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A Plantain Upside Down Cake Recipe With Eternal Appeal

Where banana bread whispers of pandemic lockdown, plantain cake speaks of a brighter future

Plantain upside down cake with a slice cut out, served on a green plate on a patterned tablecloth. Celeste Noche/Eater

It’s 2022, and banana bread is so lockdown 2020. But platanos upside down cake? That will never get old.

As someone who always keeps yellow platanos, or plantains, handy on my kitchen counter or in my freezer, I’m always looking for new ways to make use of them. And though making them into platonos en tantacion (pretty much the Latin American version of bananas foster) is never a bad idea, I recently began thinking of ways to transform my trusty platanos into something more magical. I pondered banana desserts that I could give a Hispanic kick to. Plátano cream pudding crossed my mind (and I’ll probably make that too), but what’s more breathtaking than an upside down cake to show off what a platano can do?

Although they look alike, there are some key differences between bananas and plantains. The latter are a starchy banana variety commonly used throughout Latin America. They’re usually larger and tougher than bananas, with a much thicker skin. They may be green, yellow, or very dark brown. Green plantains are used for savory preparations, while the yellow ones find their way into sweeter dishes. When ripe, plantains have a dry texture, whereas ripe bananas are smooth and creamy. And while ripe bananas are eaten raw, plantains are not — they need heat and fat (and lots of it) to be palatable and help break down their starches. When they’re cooked, they’re sweet like a banana but don’t taste like one — instead, they have a vegetal flavor. That means that neither plantains nor this plantain upside down cake have that banana flavor we’re so used to in the United States, where “banana” usually refers to soft, sweet dessert bananas, namely those from the Cavendish family.

To develop this recipe, I pored over a ton of classic banana upside down cake recipes and also recalled my favorites. One thing I knew for sure was that my cake would contain sour cream, since some of the best banana upside down cakes I’ve ever had used sour cream or buttermilk. That’s no accident: the acidity in both ingredients brings a pleasant tang to the cake and helps to tenderize the gluten in the flour, which gives the cake a softer texture and more body.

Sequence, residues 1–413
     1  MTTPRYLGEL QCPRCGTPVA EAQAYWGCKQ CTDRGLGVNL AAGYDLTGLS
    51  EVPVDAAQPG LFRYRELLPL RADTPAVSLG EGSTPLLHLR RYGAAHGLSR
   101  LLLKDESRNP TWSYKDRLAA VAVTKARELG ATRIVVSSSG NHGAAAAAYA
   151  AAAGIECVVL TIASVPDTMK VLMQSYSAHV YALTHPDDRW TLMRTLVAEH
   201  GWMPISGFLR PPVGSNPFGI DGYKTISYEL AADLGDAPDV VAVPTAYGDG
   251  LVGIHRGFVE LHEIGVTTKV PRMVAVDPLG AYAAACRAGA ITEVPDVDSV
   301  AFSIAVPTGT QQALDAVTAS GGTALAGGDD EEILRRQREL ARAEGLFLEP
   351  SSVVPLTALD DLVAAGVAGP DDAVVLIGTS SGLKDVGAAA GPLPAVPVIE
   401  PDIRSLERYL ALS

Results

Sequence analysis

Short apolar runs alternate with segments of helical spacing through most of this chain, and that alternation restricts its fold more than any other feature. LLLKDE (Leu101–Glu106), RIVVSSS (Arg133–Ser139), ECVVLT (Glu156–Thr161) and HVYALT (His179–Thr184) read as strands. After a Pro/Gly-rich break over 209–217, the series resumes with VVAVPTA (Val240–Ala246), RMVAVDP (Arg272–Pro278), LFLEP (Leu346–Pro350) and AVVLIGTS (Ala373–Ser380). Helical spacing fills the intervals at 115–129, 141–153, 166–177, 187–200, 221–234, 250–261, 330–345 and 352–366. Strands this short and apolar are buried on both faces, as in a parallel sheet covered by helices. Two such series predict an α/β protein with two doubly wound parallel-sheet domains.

For this cake, look for the yellowest plantains you can find. Spots like a leopard are good. And if you can’t find fresh ones, try the freezer section, where plantains are sometimes sold peeled and frozen.

Instead of frosting, the plantains themselves are used to decorate the cake. Sliced in half-lengthwise and dripping in caramel, they’re simple yet stunning. So the next time you come across a plantain and wonder how to use it, well, now you know — go and bake a cake.

Plantain Upside Down Cake Recipe

Makes 1 (9-inch) cake


For the caramel topping:

¼ cup unsalted butter
½ cup (100 grams) brown sugar
1 pinch kosher salt
2-3 large ripe yellow plantains or 6 small plantains

For the cake:

1⅓ cups (180 grams) all-purpose flour
1 teaspoon baking powder
½ teaspoon baking soda
¼ teaspoon kosher salt
½ teaspoon ground cinnamon
½ cup unsalted butter (softened)
¾ cup (150 grams) granulated sugar
2 large eggs
½ cup sour cream or yogurt
Flaky sea salt for garnishing


First, make the caramel topping:

Step 1: Preheat the oven to 350 degrees. Grease the bottom and sides of a round 9-inch springform pan with butter or non-stick cooking spray. Wrap the pan with tin foil in case you happen to have a sugar leak.

Step 2: Add the butter and sugar to a saucepan and bring to a boil over medium heat. Let boil, stirring, until the sugar is fully dissolved, 2-3 minutes. Remove from the heat and stir in the salt. Pour the caramel into the springform pan and use a spatula to spread it evenly across the base, working quickly and carefully before it cools. Slice the plantains into halves or thirds lengthwise and arrange on top of the caramel, cut side down to cover the base of the pan in a single layer.

Next, make the cake:

Step 1: Mix the flour, baking powder, baking soda, salt, and cinnamon in a bowl. Set aside.

Step 2: Using a stand mixer fitted with the paddle attachment, or an electric whisk, cream together the butter and sugar. Beat in the eggs one by one, scraping the bowl between additions. On low speed, add half of the dry ingredients and mix until just combined, then add all of the sour cream or yogurt, mixing until just combined. Add the remaining dry ingredients and mix until just combined. Pour the cake batter over the plantains and spread it evenly across them. Place the cake on a rimmed baking tray and bake for 35 to 45 minutes, or until a toothpick inserted into the center comes out clean.

Step 3: Let the cake cool in the pan for 5-10 minutes. Invert it upside down onto a plate and release the springform pan — you don’t want to wait any longer than this because the caramel will harden and glue the cake to the pan. Let the cake cool for another 10-15 minutes, or until it’s warm but not still hot (you don’t want it to cool fully, or the plantains will toughen up a bit). Garnish with sea salt and serve. The cake is best eaten as soon as it is made, but can be stored wrapped tightly in plastic in the refrigerator for 2-3 days.

Marisel Salazar is a New York City-based food and restaurant writer, cook, and recipe developer. She is originally from Panama and has lived in Hawaii, Japan, Virginia and Madrid. You can find her on Twitter and Instagram, and on TikTok at @mariselmsalazar.
Celeste Noche is a Filipino American food, travel, and portrait photographer based between Portland, Oregon, and San Francisco.
Recipe tested by Deena Prichep

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